News & Insights

Prediction Season

by Jim Freeman, CFP® on 12/16/2016

stockpredictionIn one of our newsletters from October, we included an article entitled, “Presidential Elections and the Stock Market”. The conclusion of the article was:

Trying to make investment decisions based upon the outcome of presidential elections is unlikely to result in reliable excess returns for investors. At best, any positive outcome based on such a strategy will likely be the result of random luck. At worst, it can lead to costly mistakes. Accordingly, there is a strong case for investors to rely on patience and portfolio structure, rather than trying to outguess the market, in order to pursue investment returns.

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posted in BlogInvestments

Interesting Article: Hold Your Nose and Buy Europe

by Jim Freeman, CFP® on 6/17/2016

Jason Zweig wrote an interesting article in the May 28th Wall Street Journal entitled, “Hold Your Nose and Buy Europe.”  Zweig says that as investors search for bargains in a world of overpriced assets, they should be guided by the EMH. That isn’t the Efficient Market Hypothesis, which holds that the price of a security reflects all available information but instead Zweig’s own Emetic* Market Hypothesis, which says if the mere thought of owning an asset turns your stomach, that probably is a sign to buy it.

*Emetic – a medicine or other substance that causes vomiting.

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Beware the Rollover Offer: 5 Important Questions to Ask

by Chris Jaccard, CFP®, CFA on 5/28/2016

Last week, one of my aunts asked me about rolling over an old 401(k) plan.  She had been getting calls from a friend saying she can get up to $8,000 in bonuses/incentives if she does the rollover now.  Wow, I thought, this is way beyond the usual $100 or $200 cash offers I’ve seen.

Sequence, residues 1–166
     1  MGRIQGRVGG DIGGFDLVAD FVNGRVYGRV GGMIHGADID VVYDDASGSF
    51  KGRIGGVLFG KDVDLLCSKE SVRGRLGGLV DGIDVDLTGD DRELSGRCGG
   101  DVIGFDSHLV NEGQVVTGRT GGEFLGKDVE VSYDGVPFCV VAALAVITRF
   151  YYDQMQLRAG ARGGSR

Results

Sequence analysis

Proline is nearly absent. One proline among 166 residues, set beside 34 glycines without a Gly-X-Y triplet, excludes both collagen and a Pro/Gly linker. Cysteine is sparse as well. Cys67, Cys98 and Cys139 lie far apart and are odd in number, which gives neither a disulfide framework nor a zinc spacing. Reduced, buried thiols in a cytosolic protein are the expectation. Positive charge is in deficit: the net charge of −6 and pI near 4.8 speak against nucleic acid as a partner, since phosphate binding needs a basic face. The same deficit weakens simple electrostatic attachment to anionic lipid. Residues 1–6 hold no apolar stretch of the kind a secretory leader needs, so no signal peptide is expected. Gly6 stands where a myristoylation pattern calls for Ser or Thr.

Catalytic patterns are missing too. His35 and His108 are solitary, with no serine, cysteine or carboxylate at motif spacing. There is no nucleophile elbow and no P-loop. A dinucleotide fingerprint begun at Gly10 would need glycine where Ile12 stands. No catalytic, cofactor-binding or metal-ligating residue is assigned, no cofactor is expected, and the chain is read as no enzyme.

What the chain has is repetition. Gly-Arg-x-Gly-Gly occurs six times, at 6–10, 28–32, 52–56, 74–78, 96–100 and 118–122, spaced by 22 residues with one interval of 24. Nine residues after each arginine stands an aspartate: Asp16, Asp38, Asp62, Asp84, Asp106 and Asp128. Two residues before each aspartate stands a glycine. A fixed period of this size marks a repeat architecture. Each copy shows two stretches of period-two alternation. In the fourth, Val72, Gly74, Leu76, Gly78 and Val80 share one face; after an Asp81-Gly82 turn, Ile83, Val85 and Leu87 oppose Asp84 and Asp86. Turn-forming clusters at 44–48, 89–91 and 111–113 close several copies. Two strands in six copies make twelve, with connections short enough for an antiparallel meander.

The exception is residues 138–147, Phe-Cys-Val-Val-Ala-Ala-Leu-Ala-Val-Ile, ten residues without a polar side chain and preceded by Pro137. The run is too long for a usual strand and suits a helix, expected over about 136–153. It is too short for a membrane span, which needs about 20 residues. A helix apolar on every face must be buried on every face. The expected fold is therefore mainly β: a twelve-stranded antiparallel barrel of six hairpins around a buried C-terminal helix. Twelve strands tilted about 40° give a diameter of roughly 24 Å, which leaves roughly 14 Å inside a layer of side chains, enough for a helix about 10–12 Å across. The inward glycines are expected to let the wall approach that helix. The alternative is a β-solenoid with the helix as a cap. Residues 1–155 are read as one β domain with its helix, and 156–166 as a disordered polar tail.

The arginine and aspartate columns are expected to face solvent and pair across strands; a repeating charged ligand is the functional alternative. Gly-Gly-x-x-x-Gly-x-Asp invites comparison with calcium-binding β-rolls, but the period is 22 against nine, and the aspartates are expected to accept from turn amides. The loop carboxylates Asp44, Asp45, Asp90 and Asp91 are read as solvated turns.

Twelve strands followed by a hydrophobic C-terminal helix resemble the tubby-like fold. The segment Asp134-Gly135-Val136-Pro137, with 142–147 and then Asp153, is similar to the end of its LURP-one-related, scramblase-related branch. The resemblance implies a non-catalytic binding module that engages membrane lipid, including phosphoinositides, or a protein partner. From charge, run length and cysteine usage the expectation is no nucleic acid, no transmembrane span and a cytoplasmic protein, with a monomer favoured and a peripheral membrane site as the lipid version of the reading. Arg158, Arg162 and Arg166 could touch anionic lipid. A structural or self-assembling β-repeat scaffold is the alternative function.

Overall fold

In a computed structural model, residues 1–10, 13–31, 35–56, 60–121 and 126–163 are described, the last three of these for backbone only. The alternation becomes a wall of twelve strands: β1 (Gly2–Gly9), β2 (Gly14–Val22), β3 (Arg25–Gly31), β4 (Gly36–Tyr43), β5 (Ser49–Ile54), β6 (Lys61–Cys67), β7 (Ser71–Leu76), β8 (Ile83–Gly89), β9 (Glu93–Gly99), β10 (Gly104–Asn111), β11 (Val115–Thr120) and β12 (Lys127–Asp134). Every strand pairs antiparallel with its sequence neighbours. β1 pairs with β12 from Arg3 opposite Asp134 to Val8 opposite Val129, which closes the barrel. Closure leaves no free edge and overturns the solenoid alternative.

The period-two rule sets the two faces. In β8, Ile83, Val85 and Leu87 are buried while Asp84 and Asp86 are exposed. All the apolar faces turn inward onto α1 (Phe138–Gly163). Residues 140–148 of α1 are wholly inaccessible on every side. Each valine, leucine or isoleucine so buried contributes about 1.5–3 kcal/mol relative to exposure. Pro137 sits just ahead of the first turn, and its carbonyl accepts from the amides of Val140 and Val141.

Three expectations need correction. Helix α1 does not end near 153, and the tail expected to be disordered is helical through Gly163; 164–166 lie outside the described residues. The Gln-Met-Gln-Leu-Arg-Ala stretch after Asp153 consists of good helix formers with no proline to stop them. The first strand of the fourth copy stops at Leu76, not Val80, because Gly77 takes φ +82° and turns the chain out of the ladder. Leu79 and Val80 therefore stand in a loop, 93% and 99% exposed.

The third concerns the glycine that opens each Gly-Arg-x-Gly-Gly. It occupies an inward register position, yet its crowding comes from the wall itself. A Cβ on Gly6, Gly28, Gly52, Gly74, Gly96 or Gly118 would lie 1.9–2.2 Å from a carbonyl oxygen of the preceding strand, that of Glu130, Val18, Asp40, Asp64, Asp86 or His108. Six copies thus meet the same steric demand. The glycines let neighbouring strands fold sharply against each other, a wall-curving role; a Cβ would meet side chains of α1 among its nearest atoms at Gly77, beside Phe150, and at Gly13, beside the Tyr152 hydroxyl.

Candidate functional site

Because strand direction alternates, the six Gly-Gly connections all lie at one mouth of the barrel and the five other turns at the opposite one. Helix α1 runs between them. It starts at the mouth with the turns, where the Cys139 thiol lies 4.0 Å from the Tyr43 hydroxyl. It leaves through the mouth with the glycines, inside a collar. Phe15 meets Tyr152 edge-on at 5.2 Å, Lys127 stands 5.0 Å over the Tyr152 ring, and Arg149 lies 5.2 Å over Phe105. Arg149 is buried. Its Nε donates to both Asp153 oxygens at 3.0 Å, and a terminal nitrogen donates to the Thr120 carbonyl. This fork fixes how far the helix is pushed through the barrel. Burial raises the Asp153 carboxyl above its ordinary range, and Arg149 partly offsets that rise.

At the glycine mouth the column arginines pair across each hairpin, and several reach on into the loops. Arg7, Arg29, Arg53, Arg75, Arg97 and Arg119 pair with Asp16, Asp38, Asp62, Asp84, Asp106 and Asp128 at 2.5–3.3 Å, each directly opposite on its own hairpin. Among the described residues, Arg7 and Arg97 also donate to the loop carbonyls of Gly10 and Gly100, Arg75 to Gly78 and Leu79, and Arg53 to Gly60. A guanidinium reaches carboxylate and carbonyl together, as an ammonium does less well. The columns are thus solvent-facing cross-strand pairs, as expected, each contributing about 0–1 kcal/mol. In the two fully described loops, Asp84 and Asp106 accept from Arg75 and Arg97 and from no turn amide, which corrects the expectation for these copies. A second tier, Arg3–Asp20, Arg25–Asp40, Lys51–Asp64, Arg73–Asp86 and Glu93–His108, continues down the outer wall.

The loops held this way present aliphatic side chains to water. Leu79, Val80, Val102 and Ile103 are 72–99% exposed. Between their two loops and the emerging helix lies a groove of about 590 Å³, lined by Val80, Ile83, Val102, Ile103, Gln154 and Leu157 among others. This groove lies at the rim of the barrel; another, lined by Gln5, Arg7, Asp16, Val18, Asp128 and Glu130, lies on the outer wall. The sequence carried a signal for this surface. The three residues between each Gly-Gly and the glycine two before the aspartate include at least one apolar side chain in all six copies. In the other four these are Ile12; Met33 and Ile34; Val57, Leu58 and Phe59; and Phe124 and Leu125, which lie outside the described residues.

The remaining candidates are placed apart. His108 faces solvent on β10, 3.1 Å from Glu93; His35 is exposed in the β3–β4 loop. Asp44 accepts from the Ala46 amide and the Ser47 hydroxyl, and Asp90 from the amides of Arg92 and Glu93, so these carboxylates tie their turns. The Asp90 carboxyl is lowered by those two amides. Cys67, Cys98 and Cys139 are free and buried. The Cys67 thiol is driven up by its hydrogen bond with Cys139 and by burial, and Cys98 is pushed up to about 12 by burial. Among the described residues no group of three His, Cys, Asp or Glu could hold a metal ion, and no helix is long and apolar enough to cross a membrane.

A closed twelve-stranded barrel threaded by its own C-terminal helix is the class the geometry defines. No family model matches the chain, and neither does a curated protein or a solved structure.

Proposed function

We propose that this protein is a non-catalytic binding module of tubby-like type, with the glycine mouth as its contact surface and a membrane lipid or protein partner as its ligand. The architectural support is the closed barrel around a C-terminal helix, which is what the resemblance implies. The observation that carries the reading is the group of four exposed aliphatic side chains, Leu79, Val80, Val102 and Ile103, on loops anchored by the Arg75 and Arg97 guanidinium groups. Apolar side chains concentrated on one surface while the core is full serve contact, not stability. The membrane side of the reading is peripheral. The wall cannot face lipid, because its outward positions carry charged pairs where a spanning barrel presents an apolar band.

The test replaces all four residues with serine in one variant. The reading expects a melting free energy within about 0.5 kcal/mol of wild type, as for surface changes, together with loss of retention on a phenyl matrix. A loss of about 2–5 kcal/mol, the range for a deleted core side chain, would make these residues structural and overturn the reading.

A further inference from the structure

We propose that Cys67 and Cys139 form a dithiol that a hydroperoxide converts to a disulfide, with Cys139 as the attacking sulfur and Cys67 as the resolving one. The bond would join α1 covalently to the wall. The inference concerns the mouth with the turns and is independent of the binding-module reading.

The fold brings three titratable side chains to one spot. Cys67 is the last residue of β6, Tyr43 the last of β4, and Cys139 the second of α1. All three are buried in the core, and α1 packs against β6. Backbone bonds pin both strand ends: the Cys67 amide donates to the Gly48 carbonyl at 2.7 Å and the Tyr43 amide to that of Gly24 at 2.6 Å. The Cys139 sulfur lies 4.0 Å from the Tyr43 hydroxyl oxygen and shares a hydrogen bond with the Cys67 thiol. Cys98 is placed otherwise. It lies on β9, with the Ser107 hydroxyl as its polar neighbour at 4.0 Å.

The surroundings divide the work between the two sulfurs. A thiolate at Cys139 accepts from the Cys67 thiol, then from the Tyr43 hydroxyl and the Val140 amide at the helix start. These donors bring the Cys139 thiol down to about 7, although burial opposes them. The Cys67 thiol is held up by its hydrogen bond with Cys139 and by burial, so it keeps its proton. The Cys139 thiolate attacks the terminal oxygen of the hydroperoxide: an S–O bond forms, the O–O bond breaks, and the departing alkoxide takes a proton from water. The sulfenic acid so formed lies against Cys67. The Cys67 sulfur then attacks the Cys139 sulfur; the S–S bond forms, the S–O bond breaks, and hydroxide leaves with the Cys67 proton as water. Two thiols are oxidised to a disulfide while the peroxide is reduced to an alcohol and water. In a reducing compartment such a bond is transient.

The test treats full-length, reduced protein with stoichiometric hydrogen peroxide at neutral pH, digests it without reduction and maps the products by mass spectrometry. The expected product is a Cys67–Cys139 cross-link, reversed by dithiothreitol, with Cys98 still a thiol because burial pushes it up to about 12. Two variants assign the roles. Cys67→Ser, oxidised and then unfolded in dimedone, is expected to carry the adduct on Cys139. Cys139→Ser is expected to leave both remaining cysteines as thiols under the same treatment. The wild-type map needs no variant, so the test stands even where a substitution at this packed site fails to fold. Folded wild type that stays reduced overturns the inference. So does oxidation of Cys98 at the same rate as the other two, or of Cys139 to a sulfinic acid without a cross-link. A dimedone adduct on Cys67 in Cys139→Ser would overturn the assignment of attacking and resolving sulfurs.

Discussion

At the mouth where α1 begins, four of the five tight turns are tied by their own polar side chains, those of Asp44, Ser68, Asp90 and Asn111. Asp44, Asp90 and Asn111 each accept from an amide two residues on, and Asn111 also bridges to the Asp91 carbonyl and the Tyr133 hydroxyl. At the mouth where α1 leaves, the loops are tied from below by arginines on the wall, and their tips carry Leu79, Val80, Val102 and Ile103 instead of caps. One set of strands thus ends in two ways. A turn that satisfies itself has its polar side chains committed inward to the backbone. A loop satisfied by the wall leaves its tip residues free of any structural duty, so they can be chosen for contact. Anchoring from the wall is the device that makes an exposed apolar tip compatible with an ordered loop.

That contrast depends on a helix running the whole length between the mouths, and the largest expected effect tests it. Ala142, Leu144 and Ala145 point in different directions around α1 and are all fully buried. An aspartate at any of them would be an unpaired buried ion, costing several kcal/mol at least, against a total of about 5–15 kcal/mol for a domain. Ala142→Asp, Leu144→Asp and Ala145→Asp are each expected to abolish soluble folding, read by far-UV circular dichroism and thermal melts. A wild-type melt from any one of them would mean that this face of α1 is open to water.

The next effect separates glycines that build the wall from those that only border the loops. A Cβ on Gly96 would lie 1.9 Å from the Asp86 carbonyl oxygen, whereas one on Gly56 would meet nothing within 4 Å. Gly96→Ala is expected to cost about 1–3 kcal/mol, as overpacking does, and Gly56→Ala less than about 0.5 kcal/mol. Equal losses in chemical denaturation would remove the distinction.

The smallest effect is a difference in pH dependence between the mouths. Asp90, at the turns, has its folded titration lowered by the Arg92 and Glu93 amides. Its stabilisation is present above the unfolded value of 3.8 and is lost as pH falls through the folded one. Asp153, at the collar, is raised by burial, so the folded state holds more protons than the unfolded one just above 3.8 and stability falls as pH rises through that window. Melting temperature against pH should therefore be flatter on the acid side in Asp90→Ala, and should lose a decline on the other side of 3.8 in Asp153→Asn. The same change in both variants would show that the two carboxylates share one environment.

New Law Not in Full Effect

My remark to her was – Beware!  I told her of the new law I wrote about last month, and that we recently learned that the protections actually don’t come into full effect until April 2017.

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posted in BlogInvestmentsPersonal Finance

New Department of Labor Rules Coming Soon

by Chris Jaccard, CFP®, CFA on 4/4/2016

The Department of Labor is coming out with new rules in the next couple of weeks that some in the financial services industry have said is the most disruptive piece of regulation to come down since 1974.  What will it say?

It will basically require that financial advisors act in their clients’ best interests – as a “fiduciary” – when advising on company retirement plans such as 401(k) plans.  Currently, advice on these plans only has to be “suitable”, which can lead to the sale of expensive or inferior investment products.

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posted in BlogInvestmentsPersonal Finance

S&P 500 Annual Returns and Intra-Year Declines

by Jim Freeman, CFP® on 11/2/2015

Last quarter the US stock market as measured by the S&P 500 experienced its first 10% correction since 2011. As you can see from this graph, “Annual Returns and Intra-Year Declines” these types of fluctuations are normal and to be expected. The red dot and red negative numbers on the graph show the largest peak to trough drop during each year and the black bars and black numbers show the total returns for each year. The total returns shown here do not include dividends.

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Five Investments to Consider at 50